How to help your teen be a safe sitter

June 26, 2023 | by Edward-Elmhurst Health
Categories: Healthy Driven Moms

If your young teen is considering babysitting, she/he needs to be prepared. Safety is the main priority. Your teen should know how to prevent unsafe situations and what to do when faced with an emergency.

Before your preteen/teen even begins babysitting, it’s wise to take a babysitting safety class, such as a Safe Sitter® class. You can also check with your local hospital, YMCA or Red Cross for classes. Training should include safety skills such as basic first aid, the Heimlich maneuver, and infant and child CPR. Sign up for a CPR or First Aid class.

Also, prior to the first time your preteen/teen will be alone babysitting, encourage her to shadow the parent or do a shift as a mother’s helper. This will give her a chance to get familiar with the family and the home where she’ll be sitting. This is also a good time to ask about allergies and where to find important phone numbers in case of an emergency.

When it’s time to babysit, remind your preteen/teen to keep her eyes on the children at all times. Even if a child is sleeping, check on them frequently. This is not the time to be distracted on the phone. Also, never open the door for strangers. Lastly, tell your preteen/teen to call you, and/or the child’s parents, with any concerns or questions.

Talk with your preteen/teen ahead of time about how to prevent dangerous situations and, if they occur, how to handle them:

  • Allergies – Ask the parents ahead of time about any allergies (food, seasonal, etc.). Know how to recognize symptoms of an allergic reaction and what to do if one if it occurs (e.g., when and how to use an EpiPen®).
  • Burns – Keep kids away from heat sources (e.g., stove, oven, fireplace, space heater), hot liquids, chemicals, lighters and matches. Don’t use ice on a burn. Run cool water over it and cover it lightly with a sterile gauze or clean towel. How (and when) to treat a burn at home.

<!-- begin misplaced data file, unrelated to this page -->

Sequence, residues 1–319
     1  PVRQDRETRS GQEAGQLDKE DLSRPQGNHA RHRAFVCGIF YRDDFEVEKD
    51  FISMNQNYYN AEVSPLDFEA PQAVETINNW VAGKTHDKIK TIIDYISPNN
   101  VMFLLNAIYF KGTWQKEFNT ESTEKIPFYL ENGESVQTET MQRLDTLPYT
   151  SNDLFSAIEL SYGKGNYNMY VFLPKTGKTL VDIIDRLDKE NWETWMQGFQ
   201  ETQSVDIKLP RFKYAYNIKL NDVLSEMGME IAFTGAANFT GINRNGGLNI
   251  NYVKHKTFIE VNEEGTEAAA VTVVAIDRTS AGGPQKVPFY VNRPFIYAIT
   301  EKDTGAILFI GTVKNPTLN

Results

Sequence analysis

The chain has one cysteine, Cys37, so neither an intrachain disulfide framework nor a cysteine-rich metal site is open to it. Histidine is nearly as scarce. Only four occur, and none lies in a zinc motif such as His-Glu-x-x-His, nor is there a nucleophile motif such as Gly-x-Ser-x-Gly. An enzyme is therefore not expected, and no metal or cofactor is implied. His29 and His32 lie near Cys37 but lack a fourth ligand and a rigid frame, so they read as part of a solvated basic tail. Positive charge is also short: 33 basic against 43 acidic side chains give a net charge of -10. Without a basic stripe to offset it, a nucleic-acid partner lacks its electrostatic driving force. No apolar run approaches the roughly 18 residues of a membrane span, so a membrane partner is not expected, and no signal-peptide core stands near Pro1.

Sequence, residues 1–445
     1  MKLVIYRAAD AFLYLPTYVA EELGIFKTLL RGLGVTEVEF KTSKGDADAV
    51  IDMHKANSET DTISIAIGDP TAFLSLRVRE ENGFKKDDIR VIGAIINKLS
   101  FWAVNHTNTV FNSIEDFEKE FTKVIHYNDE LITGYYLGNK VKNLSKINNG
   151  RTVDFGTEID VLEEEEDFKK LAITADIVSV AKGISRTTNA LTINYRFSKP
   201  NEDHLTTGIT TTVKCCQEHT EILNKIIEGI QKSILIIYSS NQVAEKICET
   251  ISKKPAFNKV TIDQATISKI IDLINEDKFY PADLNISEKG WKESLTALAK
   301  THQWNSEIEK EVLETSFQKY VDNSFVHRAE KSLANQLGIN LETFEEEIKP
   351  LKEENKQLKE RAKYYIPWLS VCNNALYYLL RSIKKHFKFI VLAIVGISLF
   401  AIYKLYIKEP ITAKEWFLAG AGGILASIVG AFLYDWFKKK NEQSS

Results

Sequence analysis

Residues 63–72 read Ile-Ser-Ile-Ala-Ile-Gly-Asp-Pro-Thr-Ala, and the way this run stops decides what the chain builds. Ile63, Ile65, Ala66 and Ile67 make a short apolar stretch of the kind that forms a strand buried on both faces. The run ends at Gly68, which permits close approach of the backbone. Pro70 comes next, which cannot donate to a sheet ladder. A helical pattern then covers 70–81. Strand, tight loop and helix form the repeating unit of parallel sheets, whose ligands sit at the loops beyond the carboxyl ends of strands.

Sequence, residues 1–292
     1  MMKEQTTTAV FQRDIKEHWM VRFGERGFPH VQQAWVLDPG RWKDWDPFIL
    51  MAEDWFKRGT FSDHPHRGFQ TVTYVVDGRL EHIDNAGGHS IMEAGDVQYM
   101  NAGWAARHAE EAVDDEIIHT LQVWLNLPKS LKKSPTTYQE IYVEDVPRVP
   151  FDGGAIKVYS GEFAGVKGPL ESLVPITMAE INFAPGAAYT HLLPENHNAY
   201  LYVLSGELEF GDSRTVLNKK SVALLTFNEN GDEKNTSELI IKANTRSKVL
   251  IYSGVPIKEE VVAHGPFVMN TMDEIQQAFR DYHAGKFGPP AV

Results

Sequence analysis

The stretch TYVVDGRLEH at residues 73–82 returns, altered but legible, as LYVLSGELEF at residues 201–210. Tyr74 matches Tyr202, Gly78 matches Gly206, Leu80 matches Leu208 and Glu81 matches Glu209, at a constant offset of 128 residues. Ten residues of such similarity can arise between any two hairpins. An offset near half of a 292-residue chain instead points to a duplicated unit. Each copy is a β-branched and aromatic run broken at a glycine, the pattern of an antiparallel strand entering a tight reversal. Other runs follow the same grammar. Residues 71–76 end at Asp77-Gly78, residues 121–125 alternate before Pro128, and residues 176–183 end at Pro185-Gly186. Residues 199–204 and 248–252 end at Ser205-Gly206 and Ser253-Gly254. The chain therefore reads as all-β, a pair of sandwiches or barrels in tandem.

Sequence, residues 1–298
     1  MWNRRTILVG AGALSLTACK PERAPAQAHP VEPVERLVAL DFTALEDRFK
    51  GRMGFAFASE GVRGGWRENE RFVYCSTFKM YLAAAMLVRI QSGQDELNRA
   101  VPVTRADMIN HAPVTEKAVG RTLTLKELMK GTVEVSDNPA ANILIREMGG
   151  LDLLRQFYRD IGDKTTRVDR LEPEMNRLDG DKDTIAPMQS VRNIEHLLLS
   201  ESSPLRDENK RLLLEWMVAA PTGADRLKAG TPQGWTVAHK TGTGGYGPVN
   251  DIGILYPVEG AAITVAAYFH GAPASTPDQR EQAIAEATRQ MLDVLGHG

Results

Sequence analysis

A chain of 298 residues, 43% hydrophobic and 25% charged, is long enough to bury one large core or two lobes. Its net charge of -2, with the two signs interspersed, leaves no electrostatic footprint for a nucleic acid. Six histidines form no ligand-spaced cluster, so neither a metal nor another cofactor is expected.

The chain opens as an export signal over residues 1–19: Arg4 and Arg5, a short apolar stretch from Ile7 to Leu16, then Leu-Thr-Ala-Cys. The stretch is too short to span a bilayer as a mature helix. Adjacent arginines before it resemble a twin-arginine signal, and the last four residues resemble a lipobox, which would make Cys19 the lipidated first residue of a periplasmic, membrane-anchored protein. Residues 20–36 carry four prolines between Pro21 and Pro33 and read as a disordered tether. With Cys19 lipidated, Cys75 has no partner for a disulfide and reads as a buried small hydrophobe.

• Choking – Keep kids away from small items, coins, hard candies, popcorn, peanuts, etc. that they could choke on. Cut up foods like hot dogs and grapes, and don’t let kids run around with food in their mouth. Know how and when to use the Heimlich maneuver.
  • Fire – Know the fire escape plan ahead of time. Get everyone out of the house immediately, then call 911.
  • Injuries – Don’t let kids climb on open dresser drawers or play on stairs. Keep sharp objects out of reach. Make sure children wear helmets and other protective gear at all times when riding a bike, rollerblading, skateboarding, etc. Be extra careful with trampolines and bounce houses.
  • Poisoning – Keep household cleaners and medicines out of reach. Symptoms of poisoning include burns/redness around the mouth, chemical-smelling breath, vomiting, drowsiness and/or confusion. If poisoning is suspected, call the poison center at 800-222-1222. What to do if someone is poisoned.
  • Water safety – If the family has a pool or hot tub, keep the kids away from it. If the parents allow swimming, keep your eyes on the children at all times while they’re in and around water. Learn about water safety.
  • Heat exhaustion or frostbite – Minimize time in the heat, take regular cool-off breaks and stay hydrated. In cold weather, to avoid frostbite, don’t stay outside too long.

Know when to call 911

Tell your preteen/teen it's OK to call 911 if she thinks it's a life-threatening situation (and even if she isn’t sure). She should know the full street address of the home where she’s sitting, and have easy access to emergency contacts and numbers.

Make sure your preteen/teen understands what constitutes an emergency and to call 911 immediately if she notices:

  • The child is acting strangely, not alert, unresponsive or unconscious
  • Difficulty breathing, unable to speak
  • Skin or lips that look blue, purple or gray
  • Rhythmic jerking of arms and legs (seizure)
  • Severe pain
  • A cut or burn that is large and deep, and will not stop bleeding
  • Vomiting blood
  • Severe stiff neck, headache and fever
  • Dehydration (sunken eyes, not making tears or urinating, lethargic)
  • A suddenly spreading purple or red rash

Learn more about pediatric emergency care at Edward-Elmhurst Health.

Related blogs:

How to prepare your sitter for an emergency

Why your grade schooler should learn CPR

How to handle an emergency

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